1930-01-04: page 1, https://trove.nla.gov.au/newspaper/page/517954
1930-01-06: page 1, https://trove.nla.gov.au/newspaper/page/517967

The number at the end of the page url uniquely identifies that page. It can be used to download an image of the page. While this method is a bit inefficient, forcing us to fire off a request for every issue, it does enable us to link three important pieces of page metadata – the date, the page number, and the page identifier.

Scraping article metadata from a page#

While there’s no direct method for requesting information about a page from the API, there is some useful metadata embedded in the HTML of the Trove web site. If you have a page identifier, you can load the web page and extract a list of articles, including their identifiers, categories, titles, and word count. You can even find the positional coordinates of each article on the page.

==Link to HOW TO or GW notebook==

Page text#

To get the full text content of a page, you need to aggregate the content of all the articles published on that page. The method is much the same as that described above – you search for articles on a specific page by specifying the newspaper, date and page. You also need to set include to articleText to add the full text to the article records. You can then collect the text content of each article. Here’s an example that collects the article texts from a page and uses them to create a wordcloud using the WordCloud package.

import requests
from html2text import html2text
from wordcloud import WordCloud

# Search parameters
params = {
    "q": "date:[1942-11-01T00:00:00Z TO 1942-11-02T00:00:00Z] firstPageSeq:3",
    "category": "newspaper",
    "l-title": "11",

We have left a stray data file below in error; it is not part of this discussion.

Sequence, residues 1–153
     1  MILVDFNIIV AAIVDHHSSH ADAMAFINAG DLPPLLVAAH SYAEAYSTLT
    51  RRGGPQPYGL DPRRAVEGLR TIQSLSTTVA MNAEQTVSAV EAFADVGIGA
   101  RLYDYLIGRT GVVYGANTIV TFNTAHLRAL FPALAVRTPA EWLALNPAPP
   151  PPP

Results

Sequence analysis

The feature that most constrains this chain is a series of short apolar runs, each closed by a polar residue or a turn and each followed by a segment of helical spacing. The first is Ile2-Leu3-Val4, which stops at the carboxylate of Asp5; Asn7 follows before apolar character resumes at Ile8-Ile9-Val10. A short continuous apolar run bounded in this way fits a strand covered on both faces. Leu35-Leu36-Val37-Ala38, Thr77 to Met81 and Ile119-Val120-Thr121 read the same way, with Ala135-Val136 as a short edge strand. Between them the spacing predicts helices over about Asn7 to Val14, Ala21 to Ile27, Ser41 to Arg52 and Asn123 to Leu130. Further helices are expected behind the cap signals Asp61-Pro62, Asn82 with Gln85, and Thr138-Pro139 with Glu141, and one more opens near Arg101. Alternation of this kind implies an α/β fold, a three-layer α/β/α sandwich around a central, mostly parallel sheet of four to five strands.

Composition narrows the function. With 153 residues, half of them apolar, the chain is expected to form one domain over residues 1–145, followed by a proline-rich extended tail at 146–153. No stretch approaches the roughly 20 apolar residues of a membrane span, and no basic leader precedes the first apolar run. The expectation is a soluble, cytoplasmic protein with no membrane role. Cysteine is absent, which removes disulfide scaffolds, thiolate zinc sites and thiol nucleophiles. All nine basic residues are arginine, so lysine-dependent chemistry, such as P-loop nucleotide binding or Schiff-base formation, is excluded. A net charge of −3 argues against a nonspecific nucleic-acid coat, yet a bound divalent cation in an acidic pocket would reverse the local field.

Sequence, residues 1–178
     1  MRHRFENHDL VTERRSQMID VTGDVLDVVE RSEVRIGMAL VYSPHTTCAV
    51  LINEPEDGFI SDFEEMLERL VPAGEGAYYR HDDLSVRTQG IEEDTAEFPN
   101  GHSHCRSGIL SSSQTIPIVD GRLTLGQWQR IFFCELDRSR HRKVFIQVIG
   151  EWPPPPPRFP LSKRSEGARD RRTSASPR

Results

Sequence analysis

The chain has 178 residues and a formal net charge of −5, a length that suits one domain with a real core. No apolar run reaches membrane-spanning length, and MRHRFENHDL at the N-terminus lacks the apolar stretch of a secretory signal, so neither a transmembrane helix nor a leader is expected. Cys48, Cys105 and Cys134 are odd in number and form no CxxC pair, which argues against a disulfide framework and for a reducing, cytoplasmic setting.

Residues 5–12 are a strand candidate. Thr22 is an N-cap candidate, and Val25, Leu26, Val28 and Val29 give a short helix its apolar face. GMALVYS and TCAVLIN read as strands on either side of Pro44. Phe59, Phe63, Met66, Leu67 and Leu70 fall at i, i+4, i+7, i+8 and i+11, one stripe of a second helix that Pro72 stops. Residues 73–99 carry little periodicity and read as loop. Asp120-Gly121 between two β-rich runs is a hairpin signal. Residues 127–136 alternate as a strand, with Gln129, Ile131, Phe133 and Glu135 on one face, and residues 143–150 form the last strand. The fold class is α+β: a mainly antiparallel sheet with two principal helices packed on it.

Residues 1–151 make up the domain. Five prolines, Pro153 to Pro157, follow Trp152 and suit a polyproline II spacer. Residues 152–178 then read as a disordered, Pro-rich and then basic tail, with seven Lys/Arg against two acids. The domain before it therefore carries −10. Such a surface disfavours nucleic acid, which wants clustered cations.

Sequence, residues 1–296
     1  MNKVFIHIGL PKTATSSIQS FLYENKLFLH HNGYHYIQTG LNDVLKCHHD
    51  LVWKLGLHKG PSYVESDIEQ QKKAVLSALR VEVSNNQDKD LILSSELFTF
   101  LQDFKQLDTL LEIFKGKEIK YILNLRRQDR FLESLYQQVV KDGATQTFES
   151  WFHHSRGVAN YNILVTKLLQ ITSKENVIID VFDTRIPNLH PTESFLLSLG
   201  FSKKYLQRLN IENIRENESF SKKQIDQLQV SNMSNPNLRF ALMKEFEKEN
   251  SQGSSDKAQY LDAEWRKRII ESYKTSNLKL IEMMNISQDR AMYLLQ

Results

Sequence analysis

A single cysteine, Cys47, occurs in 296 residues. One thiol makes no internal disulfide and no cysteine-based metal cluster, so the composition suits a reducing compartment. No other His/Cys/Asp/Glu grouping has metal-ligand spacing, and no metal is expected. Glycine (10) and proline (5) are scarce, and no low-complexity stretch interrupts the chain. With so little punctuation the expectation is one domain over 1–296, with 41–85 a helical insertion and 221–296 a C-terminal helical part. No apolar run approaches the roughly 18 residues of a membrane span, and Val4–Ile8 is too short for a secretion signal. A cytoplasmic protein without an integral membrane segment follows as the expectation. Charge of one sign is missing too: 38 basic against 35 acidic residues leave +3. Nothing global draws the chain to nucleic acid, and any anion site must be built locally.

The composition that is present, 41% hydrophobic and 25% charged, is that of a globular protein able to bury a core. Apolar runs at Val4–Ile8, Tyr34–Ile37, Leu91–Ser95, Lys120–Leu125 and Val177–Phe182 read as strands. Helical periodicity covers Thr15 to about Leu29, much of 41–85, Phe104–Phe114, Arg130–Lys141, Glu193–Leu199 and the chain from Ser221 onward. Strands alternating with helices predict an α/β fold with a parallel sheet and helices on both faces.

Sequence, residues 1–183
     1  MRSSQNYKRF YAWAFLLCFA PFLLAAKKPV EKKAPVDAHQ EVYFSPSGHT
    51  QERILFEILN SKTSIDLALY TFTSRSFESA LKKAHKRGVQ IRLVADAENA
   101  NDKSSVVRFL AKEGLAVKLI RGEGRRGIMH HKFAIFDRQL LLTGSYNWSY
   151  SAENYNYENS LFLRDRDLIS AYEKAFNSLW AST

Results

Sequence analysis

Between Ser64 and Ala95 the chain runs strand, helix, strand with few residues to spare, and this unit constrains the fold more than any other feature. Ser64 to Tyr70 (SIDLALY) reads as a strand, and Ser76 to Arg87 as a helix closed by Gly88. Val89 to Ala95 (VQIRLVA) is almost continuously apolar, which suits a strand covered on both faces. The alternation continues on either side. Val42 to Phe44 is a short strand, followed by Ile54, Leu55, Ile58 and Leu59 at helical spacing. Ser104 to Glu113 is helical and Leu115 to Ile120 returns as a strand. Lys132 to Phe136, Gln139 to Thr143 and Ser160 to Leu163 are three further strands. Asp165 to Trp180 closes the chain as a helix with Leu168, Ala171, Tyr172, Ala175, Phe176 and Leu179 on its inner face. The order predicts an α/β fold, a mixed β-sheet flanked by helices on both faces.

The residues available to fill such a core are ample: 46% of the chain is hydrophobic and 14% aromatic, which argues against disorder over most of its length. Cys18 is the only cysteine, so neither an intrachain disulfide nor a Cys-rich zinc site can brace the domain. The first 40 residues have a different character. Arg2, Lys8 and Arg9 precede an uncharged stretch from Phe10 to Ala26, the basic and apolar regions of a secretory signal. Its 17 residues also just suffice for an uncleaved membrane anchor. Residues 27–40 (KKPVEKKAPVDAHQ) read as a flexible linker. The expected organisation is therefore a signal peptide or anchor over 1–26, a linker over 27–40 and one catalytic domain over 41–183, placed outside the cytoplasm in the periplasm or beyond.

"include": "articleText",
    "encoding": "json",
    "n": 100,

# Supply API key using headers
headers = {"X-API-KEY": YOUR_API_KEY}

# Make the request
response = requests.get(
    "https://api.trove.nla.gov.au/v3/result", params=params, headers=headers

# Get the results as JSON
data = response.json()

page_text = []

# As noted, this can return pages in supplements, so we'll try to exclude them
for article in data["category"][0]["records"]["article"]:
    # Make sure there's not an "S" in the pageSequence field by checking if the value is a number
    if article["pageSequence"].isnumeric():
        # It's not in a supplement, so let's add the text
        # The full text include HTML tags so we'll strip them out with html2text

# Generate a word cloud
wc = WordCloud(width=500, height=300).generate("\n".join(page_text)).to_image()

Fig. 17.6 Word cloud from the text content of page 3 of the Canberra Times, 2 November 1942.#

Page images and PDFs#

Download a page image#

Once you know the secret formula, getting page images is easy. You can download a page image using a url like this:

https://trove.nla.gov.au/ndp/imageservice/nla.news-page[PAGE ID]/level[ZOOM LEVEL]